The CCS was designed and implemented to provide the following: specific cultural information, links to community resources or to formal cultural psychiatric or psychological assessment, and recommendations for treatment. Referrals were accepted from health practitioners, community workers, schools, and other institutions—but only for patients that already had an identified primary care provider or case manager.
Core CCS personnel included 2 part-time psychiatrists, as well as psychologists, social workers, psychiatric nurses, medical anthropologists, and trainees from these disciplines and from family medicine. A full-time clinical psychologist acted as clinical coordinator and triaged all referred cases. The psychologist interviewed referring clinicians to determine the reasons for consultation and to identify the resource persons needed to conduct the evaluation (for example, interpreters, culture brokers, or clinicians with specific skills).
Two computerized databases were developed to facilitate the work. The first comprised available cultural consultants and culture brokers with specific linguistic, cultural, or clinical skills; the second listed community organizations and resources for specific ethnocultural communities or groups (such as refugees or people seeking asylum). The databases updated and expanded existing listings previously developed by the Multiculturalism Program and the Transcultural Child Psychiatry Service at the Montreal Children’s Hospital.
We prepared a handbook to guide consultants through the consultation process. Consultants were asked to use the “Outline for Cultural Formulation” in DSM-IV (21–23); an expanded version of the cultural formulation was prepared that emphasized issues related to migration, ethnic identity, family systems, and developmental issues.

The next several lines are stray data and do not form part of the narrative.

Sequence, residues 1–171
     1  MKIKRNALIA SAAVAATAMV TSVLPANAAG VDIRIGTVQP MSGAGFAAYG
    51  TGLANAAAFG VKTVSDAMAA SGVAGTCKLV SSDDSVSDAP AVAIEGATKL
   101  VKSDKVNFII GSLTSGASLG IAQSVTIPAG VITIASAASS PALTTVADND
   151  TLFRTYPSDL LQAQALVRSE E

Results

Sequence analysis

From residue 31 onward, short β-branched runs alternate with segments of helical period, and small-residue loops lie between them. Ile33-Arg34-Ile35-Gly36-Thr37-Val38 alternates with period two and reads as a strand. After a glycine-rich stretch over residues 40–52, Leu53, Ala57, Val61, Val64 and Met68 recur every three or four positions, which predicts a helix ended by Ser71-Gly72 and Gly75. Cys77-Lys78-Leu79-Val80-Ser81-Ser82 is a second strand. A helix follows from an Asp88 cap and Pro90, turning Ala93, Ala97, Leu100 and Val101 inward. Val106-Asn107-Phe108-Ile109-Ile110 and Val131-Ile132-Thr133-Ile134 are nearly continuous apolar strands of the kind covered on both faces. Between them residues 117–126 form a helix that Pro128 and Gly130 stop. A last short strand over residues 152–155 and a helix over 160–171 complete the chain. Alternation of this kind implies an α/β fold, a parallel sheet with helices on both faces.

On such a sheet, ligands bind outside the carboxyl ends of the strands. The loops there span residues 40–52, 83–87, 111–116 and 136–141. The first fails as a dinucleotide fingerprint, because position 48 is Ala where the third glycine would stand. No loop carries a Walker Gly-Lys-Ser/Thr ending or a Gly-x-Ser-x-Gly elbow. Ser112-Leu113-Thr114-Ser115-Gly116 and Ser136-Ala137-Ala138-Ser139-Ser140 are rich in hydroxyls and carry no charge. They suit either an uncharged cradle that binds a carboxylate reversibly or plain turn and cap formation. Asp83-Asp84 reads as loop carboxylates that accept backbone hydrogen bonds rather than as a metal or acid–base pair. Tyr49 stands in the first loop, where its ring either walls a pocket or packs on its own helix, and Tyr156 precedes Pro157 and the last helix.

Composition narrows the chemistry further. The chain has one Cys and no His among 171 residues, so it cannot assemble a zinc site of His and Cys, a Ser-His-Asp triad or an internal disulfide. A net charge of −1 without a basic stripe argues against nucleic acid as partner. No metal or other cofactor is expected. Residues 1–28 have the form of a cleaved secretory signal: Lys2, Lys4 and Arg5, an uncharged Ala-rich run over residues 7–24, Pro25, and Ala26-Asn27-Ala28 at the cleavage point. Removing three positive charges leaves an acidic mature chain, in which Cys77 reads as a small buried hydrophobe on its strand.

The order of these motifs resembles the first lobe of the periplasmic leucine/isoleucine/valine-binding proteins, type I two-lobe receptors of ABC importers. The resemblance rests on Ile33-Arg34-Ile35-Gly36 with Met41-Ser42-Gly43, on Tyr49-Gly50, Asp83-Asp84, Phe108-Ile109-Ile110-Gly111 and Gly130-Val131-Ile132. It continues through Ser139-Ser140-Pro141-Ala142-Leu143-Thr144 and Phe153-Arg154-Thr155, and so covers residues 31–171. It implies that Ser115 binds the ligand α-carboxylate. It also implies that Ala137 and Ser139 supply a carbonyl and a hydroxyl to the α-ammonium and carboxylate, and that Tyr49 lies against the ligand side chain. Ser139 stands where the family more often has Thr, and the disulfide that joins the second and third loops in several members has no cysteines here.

We distributed a brochure describing the service and providing contact information to all registered psychiatrists and psychologists in the province of Quebec. Presentations to regional clinics and departments of psychiatry by CCS team members also increased awareness of the service and led to subsequent referrals. However, most clinicians requesting consultations had heard about the service through word of mouth.
We discussed cases during a weekly case conference. At that time, additional expertise could be brought in to assist with formulating the cultural dimensions of each case. This conference served as a training setting, built team cohesion, and provided an opportunity for quality control, in that the skill level and orientation of new consultants could be judged from the quality of their clinical presentation. A research anthropologist was a participant observer at the clinical case conferences and met subsequently with clinical staff to qualitatively evaluate the service.
Characteristics of Consultations
Over the initial 12-month period of operation, the CCS received 102 requests for consultation. Referrals came from the whole range of health and social service professionals based at hospitals, community clinics, and private offices. While most consultation requests concerned individuals, almost one-third involved couples. About 60% were women, 44% had only elementary school education, 9% had high school education, 47% had some college or university education, 65% were unemployed, 27% were Canadian citizens, 24% were landed immigrants, and 41% were refugees or asylum seekers. Four cases involved requests from organizations to discuss issues related to their work with a whole ethnocultural group or community.